New Assistant Professor of Viticulture at Fresno State
The Fresno State Department of Viticulture and Enology recently welcomed Dr. Cliff Yu as its newest Assistant Professor of Viticulture. Cliff earned his Ph.D. in horticulture and agronomy at UC Davis and his master’s degree in viticulture and enology at Fresno State. Previously, he was a postdoctoral researcher at the Oakville Research Station.
New ARS Vitis Repository Curator in Geneva, NY
In July, Dr. Erin Galarneau started her new appointment as the Vitis Repository Curator at the USDA-ARS Plant Genetic Resources Unit in Geneva, NY, which is home to more than 1,400 cold hardy Vitis accessions. Erin comes to the unit from Dr. Andy Walker’s lab at UC Davis, where as a postdoc, she investigated metabolites and plant hormones involved with rootstock-induced resistance to grapevine fanleaf virus. She Erin earned her Ph.D. at UC Davis in collaboration with ARS, studying under Dr. Kendra Baumgartner of the USDA-ARS Crops Pathology and Genetics Research Unit on campus there.
Vote on New York Research Themes
The Research Committee of the New York Wine & Grape Foundation, an NGRA member-organization, is working to enhance the quality, focus and transparency of the annual research program funded by the Foundation. To that end, the committee seeks additional review and comment from New York-based grape and wine industry members so it may finalize the proposed research themes and use those themes to solicit and select research proposals for funding in 2022. The proposed research theme areas span viticulture, enology and business management and are listed in full on the survey. Vote by September 30! The Foundation will release the final research themes in late December.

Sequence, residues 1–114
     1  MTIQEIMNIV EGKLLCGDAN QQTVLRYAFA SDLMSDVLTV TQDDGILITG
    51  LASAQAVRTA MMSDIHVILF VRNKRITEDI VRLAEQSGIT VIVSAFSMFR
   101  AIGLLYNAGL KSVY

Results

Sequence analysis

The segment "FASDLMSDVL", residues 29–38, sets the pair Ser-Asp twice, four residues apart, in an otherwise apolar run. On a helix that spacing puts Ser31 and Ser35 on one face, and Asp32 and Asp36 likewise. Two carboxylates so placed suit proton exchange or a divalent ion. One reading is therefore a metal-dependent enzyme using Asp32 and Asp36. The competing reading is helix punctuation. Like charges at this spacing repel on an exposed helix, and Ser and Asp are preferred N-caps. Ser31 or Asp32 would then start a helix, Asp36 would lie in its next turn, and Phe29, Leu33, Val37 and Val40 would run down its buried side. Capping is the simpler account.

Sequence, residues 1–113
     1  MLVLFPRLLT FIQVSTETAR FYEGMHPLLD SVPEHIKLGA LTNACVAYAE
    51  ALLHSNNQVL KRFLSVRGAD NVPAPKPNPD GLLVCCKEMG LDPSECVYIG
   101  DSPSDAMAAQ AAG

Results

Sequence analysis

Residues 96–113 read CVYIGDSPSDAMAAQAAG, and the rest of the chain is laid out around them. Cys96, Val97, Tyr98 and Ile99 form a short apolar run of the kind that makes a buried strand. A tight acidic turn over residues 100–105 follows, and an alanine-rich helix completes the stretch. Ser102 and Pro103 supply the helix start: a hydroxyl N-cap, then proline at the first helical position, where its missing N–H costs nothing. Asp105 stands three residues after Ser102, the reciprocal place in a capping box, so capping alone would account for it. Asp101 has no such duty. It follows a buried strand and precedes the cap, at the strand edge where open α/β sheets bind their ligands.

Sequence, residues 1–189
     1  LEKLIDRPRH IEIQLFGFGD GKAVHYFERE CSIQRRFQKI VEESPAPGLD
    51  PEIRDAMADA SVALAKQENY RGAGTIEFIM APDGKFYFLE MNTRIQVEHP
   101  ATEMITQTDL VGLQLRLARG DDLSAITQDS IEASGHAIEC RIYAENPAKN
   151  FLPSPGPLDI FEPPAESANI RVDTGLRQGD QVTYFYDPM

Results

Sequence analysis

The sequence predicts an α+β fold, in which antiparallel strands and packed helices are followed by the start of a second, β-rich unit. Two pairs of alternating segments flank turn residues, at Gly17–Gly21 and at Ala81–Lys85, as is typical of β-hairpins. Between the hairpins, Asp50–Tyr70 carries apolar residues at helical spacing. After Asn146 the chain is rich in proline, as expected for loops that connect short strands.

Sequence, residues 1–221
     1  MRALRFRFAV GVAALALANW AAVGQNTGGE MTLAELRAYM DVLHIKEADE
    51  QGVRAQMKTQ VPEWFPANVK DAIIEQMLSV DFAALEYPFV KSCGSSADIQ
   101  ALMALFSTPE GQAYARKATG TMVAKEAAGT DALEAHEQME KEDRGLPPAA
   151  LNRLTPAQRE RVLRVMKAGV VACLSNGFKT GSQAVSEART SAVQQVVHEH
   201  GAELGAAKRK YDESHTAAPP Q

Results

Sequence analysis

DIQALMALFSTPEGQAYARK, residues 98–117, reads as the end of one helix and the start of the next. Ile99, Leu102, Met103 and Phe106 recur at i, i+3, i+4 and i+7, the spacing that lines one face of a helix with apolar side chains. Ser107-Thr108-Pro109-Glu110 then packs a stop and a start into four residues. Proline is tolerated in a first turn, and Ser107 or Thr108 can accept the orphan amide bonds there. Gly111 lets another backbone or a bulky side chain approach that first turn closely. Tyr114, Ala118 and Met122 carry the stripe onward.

USDA-ARS Seeks a Research Leader in Parlier, CA
Applications are being accepted through September 10, 2021, for the Supervisory Research Plant Pathologist/Entomologist vacancy at the USDA-ARS San Joaquin Valley Agricultural Sciences Center in Parlier, CA. The incumbent will serve as a Supervisory Research Plant Pathologist or Entomologist and as Research Leader of the Crop Diseases, Pests and Genetics Research Unit at the Center. See the complete details and apply. 
Intern on a Verjus Project in Texas
The Viticulture and Enology Team at Texas A&M AgriLife Extension Service seeks a full-time master's student to join the group for a two-year research project on "Verjus: A Natural Method to Improve Wine Acidity and Increase the Profitability of Grape Production in Texas." The main focus of this funded position is enology with an important viticulture component. The intern will study at Texas A&M's main campus in College Station, TX and travel to and perform research in Lubbock, TX, a few times a year. The start date is January 2022. There is no application deadline, but if interested, you’re encouraged to apply asap.